The attack, an apparent retaliation for army operations against the Taliban, was the worst-ever terrorist atrocity in Pakistan.

[BBC]

TIME Education

U.S. Gets Bad Grades for Pre-K Education

Preschool Children School
Getty Images

Education Week gave the U.S. a D-plus overall on preschool participation

Most U.S. states have mediocre to poor pre-kindergarten participation rates, according to a new report by Education Week, which shows significant income-related gaps and often meager enrollment rates for preschool students.

(MORE: Big Gaps in Pre-K Availability Nationwide, Report Finds)

Education Week gave the U.S. a D-plus overall on preschool participation despite a significant push in a number of states to expand access to pre-K.

The states with the most positive marks were Hawaii and Mississippi, which received Bs, along with the District of Columbia, which earned a B-plus. Idaho and Utah ranked at the bottom of the list and received Fs.

The grades were based on a number of factors related to preschool access, including the percentage of 3- and 4-year-olds enrolled, the increase in pre-K enrollment in the last several years and the enrollment rate for children whose families are considered at or below the poverty line. The report found that about two-thirds of all children ages 3 to 6 are enrolled in preschool but less than half of kids ages 3 to 4 are in pre-K.

(MORE: Rethinking Pre-K: 5 Ways to Fix Preschool)

“No state really aces the exam on early childhood education,” Christopher Swanson, vice president of a nonprofit organization that publishes Education Week, told US News & World Report.

TIME human behavior

Fast Food Could Make Children Perform Worse in School

Jamie Grill—Getty

New study shows that kids who eat the most fast food have lower test scores in science, math and reading

A new study shows that children who regularly eat fast food don’t perform as well as their fellow students in school.

“Research has been focused on how children’s food consumption contributes to the child-obesity epidemic,” Kelly Purtell of Ohio State University, who led the study, told the Telegraph. “Our findings provide evidence that eating fast food is linked to another problem: poorer academic outcomes.”

The study, published in Clinical Pediatrics, measured the fast-food consumption of 8,500 American 10-year-olds and then reviewed their academic test results three years later. The children were a nationally representative sample and researchers took into account more than two dozen factors other than fast food that could skew the results.

Among those who ate fast food on a daily basis, the average science score was 79, as compared with 83 for those who never ate fast food. Similar results were discovered for reading and math.

[Telegraph]

TIME Parenting

You Really Can Blame Your Parents for Everything

132313941
Getty Images

How your parents treated you as a child has long-lasting effects on what kind of adult you turn into, finds a new study in the journal Child Development.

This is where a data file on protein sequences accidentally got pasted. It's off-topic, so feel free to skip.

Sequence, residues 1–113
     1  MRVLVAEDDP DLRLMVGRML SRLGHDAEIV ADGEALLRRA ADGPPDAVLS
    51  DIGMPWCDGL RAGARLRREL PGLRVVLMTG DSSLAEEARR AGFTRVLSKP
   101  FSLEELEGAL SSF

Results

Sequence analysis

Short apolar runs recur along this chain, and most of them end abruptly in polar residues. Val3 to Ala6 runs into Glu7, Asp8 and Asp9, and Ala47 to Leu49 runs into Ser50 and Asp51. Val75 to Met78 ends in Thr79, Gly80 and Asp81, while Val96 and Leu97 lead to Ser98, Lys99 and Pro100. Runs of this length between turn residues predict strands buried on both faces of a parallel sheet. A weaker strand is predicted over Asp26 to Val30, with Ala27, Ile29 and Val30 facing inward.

The researchers looked at 243 kids in Minnesota from low-income families and followed them for many years, until they turned 32. Researchers studied how their mothers interacted with the kids during their first three years of life, and as they got older, they asked their teachers about the child’s social skills and academic competence. Once the kids were in their 20s and 30s, researchers asked them about their education and relationships.

Children with mothers who practiced a more sensitive kind of parenting during their first three years of life—those who responded to their child promptly, had positive interactions with their kid and made their child feel secure—went on to have more successful relationships and higher academic achievement compared to those whose mothers didn’t engage with them in this way. The influence on academics appears to be stronger, but the overall effects of parenting could even be seen past age 30.

Prior research has shown that sensitive caregiving can influence social development when a child is young, but the new study shows that even despite economic factors, this type of parenting impacts children well into their adult lives—in a wide range of unexpected ways.

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TIME Pakistan

Pakistani Military Strikes Back at Taliban Following Peshawar Massacre

An army soldier stands guard inside the Army Public School, which was attacked by Taliban gunmen, in Peshawar
Zohra Bensemra—Reuters An army soldier stands guard inside the Army Public School, which was attacked by Taliban gunmen earlier this week, in Peshawar, Pakistan, on Dec. 17, 2014

Spokesperson says more than a dozen operations have been carried out since Tuesday

The Pakistani military claims to have struck back hard against Taliban militants days after the group launched one the deadliest single-day attacks in their seven-year insurgency against the state.

In the two days since Taliban forces indiscriminately murdered more than 140 people, including 132 children, at a school in Peshawar, Pakistani security forces have launched 20 air strikes, killing an estimated 57 terrorists in the process, according to a tweet from military spokesperson Major General Asim Bajwa.